Teach Programming to a Child with Scratch

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Scratch is a visual programming language focused on fostering creativity and logical thinking. Although any age is good to learn, children are ideal recipients for Scratch. By teaching them how to use Scratch we are helping them to face and solve situations and problems of all kinds in a logical and structured way.

When we begin to teach a child to program in Scratch, the main objective should be to be able to grasp and assimilate concepts, basic ideas and workflows about programming and computational thinking in a fun and attractive way, so that an interest and technical basis generate courage to study.

Benefits of Children Learning Programming with Scratch

Scratch is a visual language developed by MIT and that is based on blocks coming together as a puzzle. It is a simple way to learn programming. But that simplicity of the interface or its color should not hide powerful language that admits large projects that can be achieved gradually.

Encouraging the Creativity and Logical Thinking

The use of Scratch encourages the development of logical thinking through the search for different solutions to a problem. By programming, the child is able to develop his capacity to be more structured and organized in the management of resources and the use of tools that lead him to reach the resolution of a specific task.

The colored blocks are grouped, dragged and released to obtain an immediate result. Speaking of children, it allows them to create movements, add sounds, change scenarios or create games in a simple way, contributing to develop their creativity.

The recommended age to start using Scratch would be 6-7 years or when they start reading fluently. But if not, there is the Junior version in which, on the same basis, the language is purely visual.

How to start with Scratch. Installation and first steps

Starting to have fun and learn with Scratch is fast, simple and free. The new version Scratch 3.0 leaves Flash behind and this allows us to use it in any current device without problems.

It works via web browser, so both computers and tablets and even smartphones can be used to execute programs made with Scratch. Just go to the Scratch web address and get started.

If you prefer to use a local version that does not require an Internet connection, there are desktop versions of Scratch 3.0 for Windows, Linux and Mac operating systems.

Although to use Scratch it is not necessary to make a registration, it is advisable to create an account for the child and so that he can save the projects he is doing. Or to continue with one already done or not finished.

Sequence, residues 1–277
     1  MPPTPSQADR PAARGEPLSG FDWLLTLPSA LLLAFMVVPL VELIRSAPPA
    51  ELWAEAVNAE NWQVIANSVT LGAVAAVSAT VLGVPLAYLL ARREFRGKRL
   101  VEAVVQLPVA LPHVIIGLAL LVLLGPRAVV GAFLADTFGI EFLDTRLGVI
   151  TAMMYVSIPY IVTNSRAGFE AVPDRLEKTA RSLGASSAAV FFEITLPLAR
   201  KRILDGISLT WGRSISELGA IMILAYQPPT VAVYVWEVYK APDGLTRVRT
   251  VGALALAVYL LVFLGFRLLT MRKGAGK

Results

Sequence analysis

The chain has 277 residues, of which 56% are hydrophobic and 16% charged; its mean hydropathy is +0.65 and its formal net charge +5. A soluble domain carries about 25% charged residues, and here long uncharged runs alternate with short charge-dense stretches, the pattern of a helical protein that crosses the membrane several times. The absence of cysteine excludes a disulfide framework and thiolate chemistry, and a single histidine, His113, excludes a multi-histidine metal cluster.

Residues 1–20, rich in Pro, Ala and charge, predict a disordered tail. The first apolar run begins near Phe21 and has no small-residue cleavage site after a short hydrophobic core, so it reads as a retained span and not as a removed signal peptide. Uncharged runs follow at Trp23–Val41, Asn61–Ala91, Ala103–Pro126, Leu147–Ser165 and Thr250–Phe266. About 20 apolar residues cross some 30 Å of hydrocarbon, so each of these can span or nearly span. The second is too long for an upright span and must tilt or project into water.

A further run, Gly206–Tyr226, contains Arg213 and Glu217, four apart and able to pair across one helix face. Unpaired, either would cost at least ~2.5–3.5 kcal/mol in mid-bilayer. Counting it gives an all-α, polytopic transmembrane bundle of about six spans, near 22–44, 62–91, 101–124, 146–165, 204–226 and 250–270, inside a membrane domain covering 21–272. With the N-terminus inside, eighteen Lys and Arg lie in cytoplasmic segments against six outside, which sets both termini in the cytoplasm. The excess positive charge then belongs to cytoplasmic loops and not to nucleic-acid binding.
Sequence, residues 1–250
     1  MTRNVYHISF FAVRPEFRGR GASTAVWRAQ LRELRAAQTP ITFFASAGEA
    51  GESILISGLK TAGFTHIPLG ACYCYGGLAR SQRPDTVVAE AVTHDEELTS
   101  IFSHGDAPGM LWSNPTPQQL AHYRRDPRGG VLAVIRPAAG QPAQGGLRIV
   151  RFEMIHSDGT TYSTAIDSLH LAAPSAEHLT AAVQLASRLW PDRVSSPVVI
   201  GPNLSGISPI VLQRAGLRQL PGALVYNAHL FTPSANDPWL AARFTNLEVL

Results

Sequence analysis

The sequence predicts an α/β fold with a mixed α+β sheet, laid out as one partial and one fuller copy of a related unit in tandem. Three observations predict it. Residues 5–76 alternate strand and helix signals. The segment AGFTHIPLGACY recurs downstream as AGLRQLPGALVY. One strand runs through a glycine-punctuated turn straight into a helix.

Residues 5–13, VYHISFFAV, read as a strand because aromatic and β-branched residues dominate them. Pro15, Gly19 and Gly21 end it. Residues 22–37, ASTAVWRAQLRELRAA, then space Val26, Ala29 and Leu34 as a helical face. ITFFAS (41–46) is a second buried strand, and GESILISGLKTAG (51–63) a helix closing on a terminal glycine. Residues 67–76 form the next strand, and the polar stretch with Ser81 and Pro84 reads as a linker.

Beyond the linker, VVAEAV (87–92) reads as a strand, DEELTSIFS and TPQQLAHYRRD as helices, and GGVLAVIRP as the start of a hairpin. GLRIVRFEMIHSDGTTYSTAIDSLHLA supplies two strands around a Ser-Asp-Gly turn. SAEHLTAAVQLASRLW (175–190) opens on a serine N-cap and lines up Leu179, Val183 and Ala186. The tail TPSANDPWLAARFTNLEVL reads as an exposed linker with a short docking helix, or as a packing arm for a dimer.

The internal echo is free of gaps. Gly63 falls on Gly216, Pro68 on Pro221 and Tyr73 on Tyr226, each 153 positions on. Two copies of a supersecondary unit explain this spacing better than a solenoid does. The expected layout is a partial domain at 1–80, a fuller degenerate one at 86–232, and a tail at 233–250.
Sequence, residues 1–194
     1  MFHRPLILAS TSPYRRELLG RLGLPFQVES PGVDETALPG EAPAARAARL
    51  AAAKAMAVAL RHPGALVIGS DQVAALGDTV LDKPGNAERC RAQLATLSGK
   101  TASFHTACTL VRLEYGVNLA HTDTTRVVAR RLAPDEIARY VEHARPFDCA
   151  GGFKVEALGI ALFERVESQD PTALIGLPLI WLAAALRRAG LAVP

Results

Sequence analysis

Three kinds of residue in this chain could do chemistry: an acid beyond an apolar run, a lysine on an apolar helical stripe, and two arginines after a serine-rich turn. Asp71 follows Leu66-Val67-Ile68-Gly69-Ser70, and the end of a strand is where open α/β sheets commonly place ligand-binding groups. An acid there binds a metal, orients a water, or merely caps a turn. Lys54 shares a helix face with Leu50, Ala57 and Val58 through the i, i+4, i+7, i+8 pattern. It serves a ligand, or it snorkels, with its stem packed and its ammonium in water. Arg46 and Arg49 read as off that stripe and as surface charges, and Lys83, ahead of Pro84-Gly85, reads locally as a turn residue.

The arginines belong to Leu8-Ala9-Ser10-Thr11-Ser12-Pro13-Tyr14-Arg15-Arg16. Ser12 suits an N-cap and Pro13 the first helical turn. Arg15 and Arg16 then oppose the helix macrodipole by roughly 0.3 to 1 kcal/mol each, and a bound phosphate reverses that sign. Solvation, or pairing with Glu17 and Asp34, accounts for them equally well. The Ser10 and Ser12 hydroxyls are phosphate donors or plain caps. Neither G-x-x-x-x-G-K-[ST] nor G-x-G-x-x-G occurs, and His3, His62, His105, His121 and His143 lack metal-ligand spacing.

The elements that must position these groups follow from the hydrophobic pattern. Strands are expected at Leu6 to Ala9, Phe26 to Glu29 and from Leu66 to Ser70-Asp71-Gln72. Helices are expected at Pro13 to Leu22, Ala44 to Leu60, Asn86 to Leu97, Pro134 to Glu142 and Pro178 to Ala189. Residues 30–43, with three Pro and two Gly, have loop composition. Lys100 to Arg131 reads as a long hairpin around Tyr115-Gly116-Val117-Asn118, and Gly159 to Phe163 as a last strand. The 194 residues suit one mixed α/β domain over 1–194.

Registration is open and there are no minimum age requirements, but it is necessary to confirm the account with an email from the parent / tutor.

First Projects with Scratch

Once we have the necessary resources and equipment, the most important and expected moment of all comes: start programming with Scratch. At these early ages it is vital that learning be meaningful and also fun. If we get the child to learn Scratch while having fun, we have a good chance of getting it.

Games and Small Projects

The ideal way to start programming with Scratch is to learn based on challenges with games and small projects where children can unleash their creativity.

With the new version 3.0 which resource has been enhanced and is now more intuitive. It allows practice while watching video or animated images. In addition, they now include a teacher’s guide and the programming cards associated with that particular project.

Once the children already know the interface and some of the options, from MIT they offer simple projects associated with different areas and objectives. In these projects children should modify the base project freely, modifying or adding elements according to their criteria.

Any project published in Scratch can be used as a basis for learning. Just “look inside” to begin to know the code with which it is built and freely modify or adapt it

Another resource recognized and guided with the help of videos is the Hour of Code. Through short and even thematic activities such as the Carton Network, the child can have short-term first contact on programming.

Although there are projects or guided games with a fixed structure that must be followed, it is recommended that children themselves can make personal decisions or trial / error tests with elements that do not alter the main objective of the programming exercise but that help them be participants in their learning.

Another recommendation to teach Scratch to children is that we can preview to change or add new features and improvements once the project base is finished. With this we continue promoting their creativity as well as learning at their own pace.

Combining Physical Elements with Scratch

When the children already know the Scratch interface, the main blocks and have made their first projects, it is a good time to enhance further their creativity with the help of physical elements that can be programmed using Scratch directly. Children will see that they can build robots with recycled materials or pianos using fruits, and then they are the ones who decide how they should work.

ABOUT THE AUTHOR:

Nicholas H. Parker is one of web designers at Buy Essay Club. He worked as an SEO specialist for more than 5 years. It helped him estimate and analyze the business sphere better. Besides, he tries to keep up with advancing technologies.

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